Is PKK leader Öcalan still a player in Kurdish bid

Is PKK leader Öcalan still a player in Kurdish bid

Now that the Nov. 1 elections are over, it is time to go back to the drawing board on the most crucial issue in the region. As the United States and Russia move closer to each other on Syria’s future, Turkey may be getting ready for a bigger role. 

The Pentagon and the Turkish Armed Forces have been in close contact since Turkey openly joined the coalition against the Islamic State of Iraq and the Levant (ISIL). The U.S. seems to be more eager to accommodate Turkey’s needs to fight the PKK. The Democratic Union Party (PYD), on the other hand, remains a question mark. Despite all the rhetoric from Ankara, the PYD still argues that its fighters in Syria have not fired a single bullet at Turkey. 

As the Justice and Development Party (AK Party) and Erdoğan celebrate another victory at home, outside our borders, most observers are skeptical about the future of Turkey’s democracy. Davutoğlu and the AK Party now have a very clear mandate to push for democratic reforms and continue Kurdish peace talks. But the modality and the mechanism seems to hang on uncertainty. The Turkish Armed Forces are focusing on protecting the borders, and they will be rather uneasy about pursuing PKK militants inside Syria. 

Thus, Foreign Minister Feridun Sinirlioglu’s visit to northern Iraq right after the elections is a sign of the times to come. Sources close to Washington circles told me that Ankara and Washington had agreed on changing the dynamics of the Syrian Kurdish equilibrium and that the peshmerga model is the optimal choice.

According to intelligence sources, Iraqi Kurdish leader Massoud Barzani has received a large donation from the U.S. Congress to defend critical places against ISIL in Iraq. But he and his forces will also be instrumental in transforming the People’s Defense Units (YPG) forces into a regular defense force. The U.S. and Russia have agreed in principal to keep the Kurds in the Syrian force structure even after Syrian President Bashar al-Assad’s probable departure. The Turkish Army, on the other hand, will be their supervisor.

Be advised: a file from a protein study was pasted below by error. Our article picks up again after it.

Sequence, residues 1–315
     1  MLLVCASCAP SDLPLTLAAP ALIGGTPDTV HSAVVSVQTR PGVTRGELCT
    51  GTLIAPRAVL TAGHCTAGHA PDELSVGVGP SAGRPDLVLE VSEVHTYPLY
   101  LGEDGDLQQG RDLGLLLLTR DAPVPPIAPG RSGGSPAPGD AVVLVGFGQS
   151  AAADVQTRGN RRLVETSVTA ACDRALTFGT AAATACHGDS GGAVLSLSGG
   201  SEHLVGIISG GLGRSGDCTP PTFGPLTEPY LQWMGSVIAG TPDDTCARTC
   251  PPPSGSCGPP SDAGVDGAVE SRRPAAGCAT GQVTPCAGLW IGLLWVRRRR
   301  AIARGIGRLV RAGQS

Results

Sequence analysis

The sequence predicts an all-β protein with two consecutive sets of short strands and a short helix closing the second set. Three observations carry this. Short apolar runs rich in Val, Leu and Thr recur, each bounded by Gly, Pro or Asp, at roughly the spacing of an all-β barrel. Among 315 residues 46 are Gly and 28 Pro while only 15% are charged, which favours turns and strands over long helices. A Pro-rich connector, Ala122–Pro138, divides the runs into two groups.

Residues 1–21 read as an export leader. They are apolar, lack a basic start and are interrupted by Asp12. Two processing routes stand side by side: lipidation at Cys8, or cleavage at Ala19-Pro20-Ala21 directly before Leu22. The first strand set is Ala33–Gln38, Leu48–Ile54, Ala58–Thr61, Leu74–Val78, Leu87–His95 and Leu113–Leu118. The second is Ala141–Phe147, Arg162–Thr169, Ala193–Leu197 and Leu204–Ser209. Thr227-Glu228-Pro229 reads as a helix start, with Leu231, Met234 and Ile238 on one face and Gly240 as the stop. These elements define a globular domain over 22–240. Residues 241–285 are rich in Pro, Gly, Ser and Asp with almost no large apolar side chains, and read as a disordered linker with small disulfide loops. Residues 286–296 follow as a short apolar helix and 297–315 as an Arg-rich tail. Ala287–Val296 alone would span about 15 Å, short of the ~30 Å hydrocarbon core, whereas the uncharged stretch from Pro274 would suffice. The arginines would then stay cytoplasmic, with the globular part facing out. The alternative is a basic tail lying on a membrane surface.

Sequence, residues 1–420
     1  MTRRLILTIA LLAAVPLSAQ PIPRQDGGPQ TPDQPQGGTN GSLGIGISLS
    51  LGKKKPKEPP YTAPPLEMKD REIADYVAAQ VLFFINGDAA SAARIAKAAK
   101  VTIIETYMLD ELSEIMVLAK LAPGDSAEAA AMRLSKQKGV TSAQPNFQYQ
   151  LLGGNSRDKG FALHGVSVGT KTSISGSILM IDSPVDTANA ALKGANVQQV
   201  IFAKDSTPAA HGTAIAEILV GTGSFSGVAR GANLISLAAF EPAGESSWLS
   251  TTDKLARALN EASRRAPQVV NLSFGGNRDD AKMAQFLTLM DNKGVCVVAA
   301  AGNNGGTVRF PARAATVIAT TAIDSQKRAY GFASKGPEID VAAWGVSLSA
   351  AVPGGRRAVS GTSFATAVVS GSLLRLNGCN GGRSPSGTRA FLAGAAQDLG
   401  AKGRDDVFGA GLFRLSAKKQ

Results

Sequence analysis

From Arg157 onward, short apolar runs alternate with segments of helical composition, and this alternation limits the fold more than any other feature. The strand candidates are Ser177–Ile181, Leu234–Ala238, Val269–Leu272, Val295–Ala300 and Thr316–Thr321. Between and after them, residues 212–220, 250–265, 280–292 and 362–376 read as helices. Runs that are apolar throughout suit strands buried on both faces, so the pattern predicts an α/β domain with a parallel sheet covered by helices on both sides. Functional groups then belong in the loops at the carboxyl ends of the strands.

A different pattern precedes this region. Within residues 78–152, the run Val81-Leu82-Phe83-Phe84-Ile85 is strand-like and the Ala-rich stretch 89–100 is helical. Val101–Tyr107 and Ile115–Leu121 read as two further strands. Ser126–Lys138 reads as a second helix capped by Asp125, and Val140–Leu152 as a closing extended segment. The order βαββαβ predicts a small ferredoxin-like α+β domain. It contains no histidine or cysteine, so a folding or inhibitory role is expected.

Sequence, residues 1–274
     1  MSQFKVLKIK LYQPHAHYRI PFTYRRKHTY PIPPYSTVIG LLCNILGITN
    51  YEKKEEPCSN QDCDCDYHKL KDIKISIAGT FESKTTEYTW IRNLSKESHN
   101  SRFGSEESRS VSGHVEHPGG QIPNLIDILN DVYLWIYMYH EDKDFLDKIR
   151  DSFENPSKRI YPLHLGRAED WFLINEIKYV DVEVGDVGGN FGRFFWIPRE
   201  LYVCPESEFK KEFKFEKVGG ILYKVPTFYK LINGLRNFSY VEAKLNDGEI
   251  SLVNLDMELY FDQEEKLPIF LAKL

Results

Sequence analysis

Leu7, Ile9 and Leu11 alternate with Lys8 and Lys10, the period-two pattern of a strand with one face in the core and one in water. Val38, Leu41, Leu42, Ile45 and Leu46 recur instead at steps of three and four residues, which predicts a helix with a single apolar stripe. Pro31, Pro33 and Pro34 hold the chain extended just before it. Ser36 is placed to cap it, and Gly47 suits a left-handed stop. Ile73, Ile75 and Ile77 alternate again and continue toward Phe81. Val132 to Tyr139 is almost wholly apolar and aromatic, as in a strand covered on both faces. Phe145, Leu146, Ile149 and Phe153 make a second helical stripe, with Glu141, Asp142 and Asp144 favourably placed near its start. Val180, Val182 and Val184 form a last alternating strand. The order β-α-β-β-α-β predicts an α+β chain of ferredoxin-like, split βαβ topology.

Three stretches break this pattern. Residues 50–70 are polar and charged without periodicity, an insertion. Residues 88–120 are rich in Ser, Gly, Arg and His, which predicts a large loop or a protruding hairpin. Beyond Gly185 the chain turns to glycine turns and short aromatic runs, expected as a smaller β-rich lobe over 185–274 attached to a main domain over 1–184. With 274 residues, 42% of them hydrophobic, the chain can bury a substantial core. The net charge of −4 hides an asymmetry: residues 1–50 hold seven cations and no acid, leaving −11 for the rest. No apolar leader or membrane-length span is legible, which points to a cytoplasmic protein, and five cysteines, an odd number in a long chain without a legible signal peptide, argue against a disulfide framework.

“Why should the Turkish Armed forces do this?” I asked my source. “Imagine fighting a group for three decades then treating a part of them as a legitimate partner in Syria.” My source answered, “What if the Kandil Mountains are vacated? What if the U.S. and Russia push Barzani to send the PKK leadership out? Turkey, after the elections, might be getting more than it can ask for.”

This may actually be good news for the Peoples’ Democratic Party (HDP) and its leadership. Without the hard-handed leaders of the PKK on the scene, it may transform more easily into a normal political party. But be ready for a bumpy ride and maybe even a division. HDP co-chair Selahattin Demirtaş’s leadership is still uncontested, but veteran Kurdish politicians like Leyla Zana, Ahmet Turk, Hatip Dicle will have a higher presence and a bigger say. 

So here is the final question. Is PKK leader Abdullah Öcalan still a player? Unlike Deputy PM Yalçın Akdoğan’s remarks, he has not been buried alive but he may be less relevant. My sources tell me that he may come back to the scene, and that is only a possibility. “Even if he comes back,” one intelligence source told me, “he will be a symbolic figure. Currently he is still in touch with the government. Do you know it? Do you hear it?”
“One morning you may hear that phrase again,” my source told me. “Welcome back to your homeland, [PKK leaders Murat] Karayılan and [Cemil] Bayık. And this may come sooner than you think.”